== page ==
33 LAMB OF GOD

Kerrang! (UK) - - Carter Brothers -

AS THE PALACES BURN

■ If the Rich­mond, Vir­ginia, group’s 2000 de­but, New Amer­i­can Gospel, veered slightly too close to Pan­ter­a­pas­tiche and, per­haps, the worst drum sound ever com­mit­ted to tape, then come 2003, and al­bum num­ber two, Lamb Of God sounded very much their own propo­si­tion. It’s worth re­mem­ber­ing, at this junc­ture, most world-dom­i­na­tion-striv­ing metal bands were ei­ther Slip­knot, or bands want­ing to sound like Slip­knot. And amongst that, Lamb Of God ar­rived with a record full of songs that were bru­tal, yes, but also just that: songs. From Ruin to the ti­tle-track, to 11th Hour and the mon­strous Vigil, this record cre­ated the tem­plate for one of metal’s most con­sis­tently good bands to fol­low. WHAT WAS LIFE LIKE FOR YOU AND THE BAND DUR­ING THE AS THE PALACES BURN YEARS?

RANDY BLYTHE (VO­CALS):

“I re­mem­ber mak­ing the al­bum well be­cause it was ex­tremely rough. I was work­ing in a high-end steak­house in Rich­mond. I’d work in the evening from 4pm to 11pm, then I’d get on my BMX and ride up­hill in the winter snow a few miles across Rich­mond to where the stu­dio was. I’d show up at mid­night and start track­ing. We’d do that to 7am or 8am, then I’d sleep in one of the booths. Then I’d be back to work, fi nish my shift and come back to the stu­dio to do it all again.”

THE AL­BUM OPENED MANY DOORS, IN­CLUD­ING A MA­JOR-LA­BEL RECORD DEAL FOR FOL­LOW-UP ASHES OF THE WAKE, SO THE HARD WORK PAID OFF…

“I sup­pose so, but, re­ally, for me, ev­ery­thing has been a set of steps – you just walk up one step, see the next and then keep on go­ing. I don’t see any dra­matic up­heaval from any sin­gle record what­so­ever. Though I guess it played its part,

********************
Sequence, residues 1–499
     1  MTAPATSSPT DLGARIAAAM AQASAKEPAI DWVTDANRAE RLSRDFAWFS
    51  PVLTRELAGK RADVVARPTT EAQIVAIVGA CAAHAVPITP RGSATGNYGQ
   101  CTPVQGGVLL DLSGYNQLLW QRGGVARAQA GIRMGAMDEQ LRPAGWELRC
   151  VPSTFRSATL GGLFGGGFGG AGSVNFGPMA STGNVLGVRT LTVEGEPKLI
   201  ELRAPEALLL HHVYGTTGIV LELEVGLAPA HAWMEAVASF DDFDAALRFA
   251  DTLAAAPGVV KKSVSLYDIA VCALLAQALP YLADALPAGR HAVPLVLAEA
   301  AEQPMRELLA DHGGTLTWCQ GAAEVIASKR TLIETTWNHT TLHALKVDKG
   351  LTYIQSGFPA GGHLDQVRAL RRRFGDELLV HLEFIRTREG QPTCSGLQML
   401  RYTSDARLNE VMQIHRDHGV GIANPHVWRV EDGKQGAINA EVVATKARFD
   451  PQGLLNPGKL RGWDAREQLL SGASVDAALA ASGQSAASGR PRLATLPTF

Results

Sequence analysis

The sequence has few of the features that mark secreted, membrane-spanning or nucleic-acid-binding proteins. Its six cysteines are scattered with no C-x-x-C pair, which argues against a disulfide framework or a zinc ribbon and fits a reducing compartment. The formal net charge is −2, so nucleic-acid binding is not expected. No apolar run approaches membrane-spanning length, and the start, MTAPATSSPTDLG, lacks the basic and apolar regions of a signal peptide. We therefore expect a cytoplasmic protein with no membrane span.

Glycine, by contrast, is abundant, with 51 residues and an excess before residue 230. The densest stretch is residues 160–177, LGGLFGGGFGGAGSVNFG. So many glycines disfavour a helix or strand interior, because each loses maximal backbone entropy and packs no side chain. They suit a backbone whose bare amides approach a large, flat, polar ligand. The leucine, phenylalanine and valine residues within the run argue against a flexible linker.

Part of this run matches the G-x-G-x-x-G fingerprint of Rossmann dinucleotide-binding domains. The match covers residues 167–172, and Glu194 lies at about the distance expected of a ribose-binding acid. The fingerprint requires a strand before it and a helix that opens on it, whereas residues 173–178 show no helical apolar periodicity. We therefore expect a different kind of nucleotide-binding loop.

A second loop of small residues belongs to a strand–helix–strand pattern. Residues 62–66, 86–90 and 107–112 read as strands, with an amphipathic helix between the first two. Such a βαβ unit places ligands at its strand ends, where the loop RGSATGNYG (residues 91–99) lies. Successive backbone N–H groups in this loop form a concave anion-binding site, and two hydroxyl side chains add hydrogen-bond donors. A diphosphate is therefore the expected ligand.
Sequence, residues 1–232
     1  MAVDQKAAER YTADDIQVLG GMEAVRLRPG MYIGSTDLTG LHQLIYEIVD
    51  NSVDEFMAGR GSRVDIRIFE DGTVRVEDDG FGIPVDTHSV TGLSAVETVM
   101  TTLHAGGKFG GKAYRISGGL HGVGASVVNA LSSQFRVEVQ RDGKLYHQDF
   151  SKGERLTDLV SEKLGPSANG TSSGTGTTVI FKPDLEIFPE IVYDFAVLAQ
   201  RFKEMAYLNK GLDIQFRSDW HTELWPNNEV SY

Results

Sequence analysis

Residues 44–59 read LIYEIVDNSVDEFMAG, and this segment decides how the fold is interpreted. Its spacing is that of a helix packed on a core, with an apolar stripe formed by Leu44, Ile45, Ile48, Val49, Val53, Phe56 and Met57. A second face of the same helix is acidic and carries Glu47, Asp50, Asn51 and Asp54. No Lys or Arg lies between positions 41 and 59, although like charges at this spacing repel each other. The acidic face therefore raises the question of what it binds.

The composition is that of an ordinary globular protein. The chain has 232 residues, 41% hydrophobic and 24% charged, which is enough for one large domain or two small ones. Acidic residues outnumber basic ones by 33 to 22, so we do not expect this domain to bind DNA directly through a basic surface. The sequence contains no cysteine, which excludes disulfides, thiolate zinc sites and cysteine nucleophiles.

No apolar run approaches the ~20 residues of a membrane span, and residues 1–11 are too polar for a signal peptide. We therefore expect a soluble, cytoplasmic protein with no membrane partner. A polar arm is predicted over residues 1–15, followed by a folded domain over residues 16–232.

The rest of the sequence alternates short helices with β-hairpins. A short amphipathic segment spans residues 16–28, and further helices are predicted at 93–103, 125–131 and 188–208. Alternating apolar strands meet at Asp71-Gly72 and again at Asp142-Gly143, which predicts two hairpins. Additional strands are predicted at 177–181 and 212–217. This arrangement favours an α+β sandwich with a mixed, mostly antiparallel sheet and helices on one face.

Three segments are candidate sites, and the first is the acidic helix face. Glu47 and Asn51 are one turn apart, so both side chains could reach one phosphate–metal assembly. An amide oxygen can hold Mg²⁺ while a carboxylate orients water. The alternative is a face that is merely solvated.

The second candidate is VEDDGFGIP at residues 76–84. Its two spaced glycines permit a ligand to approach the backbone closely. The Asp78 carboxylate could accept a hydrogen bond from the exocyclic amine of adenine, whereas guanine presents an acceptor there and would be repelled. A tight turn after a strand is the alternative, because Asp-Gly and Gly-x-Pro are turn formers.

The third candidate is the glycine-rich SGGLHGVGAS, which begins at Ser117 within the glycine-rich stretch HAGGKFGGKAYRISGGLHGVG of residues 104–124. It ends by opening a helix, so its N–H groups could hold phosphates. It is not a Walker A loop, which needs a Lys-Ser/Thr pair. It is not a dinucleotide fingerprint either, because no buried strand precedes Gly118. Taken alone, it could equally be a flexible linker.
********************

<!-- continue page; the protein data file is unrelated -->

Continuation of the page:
(2003) be­cause the next change I did no­tice was when [the ma­jor deal for third al­bum] Ashes Of The Wake meant we were able to quit our jobs. Any­thing else was just a con­tin­u­a­tion.”

OF ALL YOUR RECORD­INGS, AS THE PALACES BURN IS AR­GUABLY THE MOST ME­CHAN­I­CAL, TO AL­MOST MESHUGGAH-LEV­ELS OF EX­TREM­ITY. WHY IS THAT?

“We come from a city where there’s been a long his­tory of off-time in­stru­men­tal bands. There’s a band called Bread­win­ner from our town who are ba­si­cally con­sid­ered one of the fi rst math-rock bands. They were pretty infl uen­tial on a bunch of mu­si­cians, in­clud­ing The Melvins. And our drum­mer, Chris [Adler], was a Meshuggah fan at the time of record­ing As The Palaces Burn. We’ve al­ways been a bit more off-time be­cause that’s where we come from. But this record felt like one where the guys were re­ally start­ing to work as tech­ni­cal mu­si­cians to­gether.”

ON A WIDER LEVEL, IT WAS ONE OF A HAND­FUL OF AL­BUMS THAT REIN­VIG­O­RATED THIRSTS FOR HEAVY MU­SIC AND HELPED THE GENRE GET BACK ON ITS FEET…

“I don’t know any­thing about sav­ing metal (laughs)! That would be ar­ro­gant and pre­sump­tu­ous of me to say that. But I think things had be­come stale by that time, for sure. The dif­fer­ence with us and some of the other bands that came out around then is that we were born out of real un­der­ground scenes – the more hard­core-punk side of things. We were play­ing base­ment shows, peo­ple’s houses, any­where, and do­ing it all our­selves. In­stead of wait­ing for some ex­ist­ing power struc­ture to give you a record deal, a buddy of mine started his own one and put out our fi rst al­bum. It’s not about wait­ing around for some­one to help you out – you’ve got to do it your­self.”

“MAK­ING THE AL­BUM WAS EX­TREMELY ROUGH”

RANDY BLYTHE

Poor lit­tle Lambs – quite lit­er­ally – in 2003

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